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Infographic: Understanding the Cost Dynamics of 3D Printed Drugs

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Medical industry needs no introduction to 3D printing technology, which has found usage in applications varying from custom prosthetics to surgical procedures. And with the US Food and Drug Administration (FDA) approving the sale of Spritam (in 2016 across USA), a drug used in preventing seizures, produced by Aprecia Pharmaceuticals using 3D printing, this commercial use of 3D printing technology embodies a momentous development in the field of printing drugs. The deployment of this technology offers certain benefits, but also comes at a cost, and affects the cost dynamics of producing a drug.

Cost savings offered by 3D printing technology are massive. Making drugs using printers will gradually reduce the processing equipment required, allowing the final product to be printed on one versatile machine, saving thousands of dollars. Going a step ahead, pharma companies will provide the base products for printing of the medicines at clinics and pharmacies, which means that the investment in production and storage facilities at the pharma company’s end will decline as the physical making of the drug will be shifted closer to the end-user. The technology will also help save on packaging and labelling costs along with bringing down logistics expenses.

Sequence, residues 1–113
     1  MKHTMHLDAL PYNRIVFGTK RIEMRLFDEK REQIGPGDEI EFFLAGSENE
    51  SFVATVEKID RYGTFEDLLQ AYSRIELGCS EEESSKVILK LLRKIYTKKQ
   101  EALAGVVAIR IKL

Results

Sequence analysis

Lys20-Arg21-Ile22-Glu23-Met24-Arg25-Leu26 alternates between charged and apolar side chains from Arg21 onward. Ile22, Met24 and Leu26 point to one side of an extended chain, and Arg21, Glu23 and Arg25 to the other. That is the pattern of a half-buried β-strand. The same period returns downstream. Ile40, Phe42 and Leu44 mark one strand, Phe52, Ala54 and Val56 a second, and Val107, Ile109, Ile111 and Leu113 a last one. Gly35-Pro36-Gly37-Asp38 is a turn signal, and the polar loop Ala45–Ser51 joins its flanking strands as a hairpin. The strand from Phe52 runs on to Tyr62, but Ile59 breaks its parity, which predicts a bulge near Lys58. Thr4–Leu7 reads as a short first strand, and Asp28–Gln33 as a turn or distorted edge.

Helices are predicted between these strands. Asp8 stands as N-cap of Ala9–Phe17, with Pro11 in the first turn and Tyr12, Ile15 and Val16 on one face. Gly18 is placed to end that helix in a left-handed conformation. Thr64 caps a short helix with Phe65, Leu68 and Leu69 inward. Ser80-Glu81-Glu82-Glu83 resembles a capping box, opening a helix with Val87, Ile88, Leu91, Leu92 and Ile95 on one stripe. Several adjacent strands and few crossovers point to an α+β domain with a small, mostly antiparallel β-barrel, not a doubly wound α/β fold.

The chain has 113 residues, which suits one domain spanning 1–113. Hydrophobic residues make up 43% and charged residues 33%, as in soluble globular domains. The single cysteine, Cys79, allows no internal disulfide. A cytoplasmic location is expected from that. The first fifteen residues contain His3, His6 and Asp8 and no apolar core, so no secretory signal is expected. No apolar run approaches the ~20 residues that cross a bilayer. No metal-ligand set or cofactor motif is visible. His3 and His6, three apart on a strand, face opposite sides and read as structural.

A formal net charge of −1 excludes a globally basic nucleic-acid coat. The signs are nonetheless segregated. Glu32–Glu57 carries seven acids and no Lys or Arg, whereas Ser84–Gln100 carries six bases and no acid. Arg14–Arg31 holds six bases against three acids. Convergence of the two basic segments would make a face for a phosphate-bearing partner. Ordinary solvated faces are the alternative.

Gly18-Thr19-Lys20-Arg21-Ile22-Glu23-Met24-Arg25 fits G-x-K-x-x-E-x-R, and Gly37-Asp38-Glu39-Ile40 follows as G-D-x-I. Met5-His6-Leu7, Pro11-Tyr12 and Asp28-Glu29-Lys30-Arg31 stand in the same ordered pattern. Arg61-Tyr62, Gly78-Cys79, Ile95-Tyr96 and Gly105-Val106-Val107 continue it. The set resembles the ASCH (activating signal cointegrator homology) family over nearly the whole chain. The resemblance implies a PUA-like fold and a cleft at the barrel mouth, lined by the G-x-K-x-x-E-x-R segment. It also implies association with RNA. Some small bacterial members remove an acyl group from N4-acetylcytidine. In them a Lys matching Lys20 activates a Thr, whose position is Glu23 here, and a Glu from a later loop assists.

However, as 3D printing capabilities develop further and as the cost of printing drugs falls, increasing easy accessibility to these drugs, it will become imperative to address safety and regulatory concerns associated with this technology.

While making drugs with 3D printing technology could be a game changer for the medical industry, it also comes with a potential threat of counterfeit and illegal drugs. As drugs production will be shifted from centralized location of pharma companies, which are able to ensure more controlled and supervised production processes, drugs will be printed at numerous clinics and pharmacies, and hence strict regulations need to be adopted and methods of production need to be appropriately controlled. Unified safety procedures and quality control measures need to be developed so that patients can be assured of the quality of the products.

The immense potential offered by this technology is increasingly materializing through commercialization in developed markets. However, as massive financial inputs from pharma companies paired with research grants and support by governments are still required, it is fair to believe that this technology is still far out from the reach of the less developed parts of the world, at least in the foreseeable future.

3D printed drugs

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Can Luxury Swiss Watches Stand the Test of Time?

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Swiss watches have long been synonymous with innovation, elegance, and class. These pieces have been considered the standard of sophistication and finesse, making their producers the undisputed leaders of the luxury watch market. But as the saying goes “what rises must fall”, the rock solid foundation of this popularity is going thorough turbulent times. The industry has seen a hard time in the past two years, as Swiss-made watches exports have recently declined. We are taking a look into what has led to low exports of these watches and whether the industry is ready to take any steps to see a revival in the near future.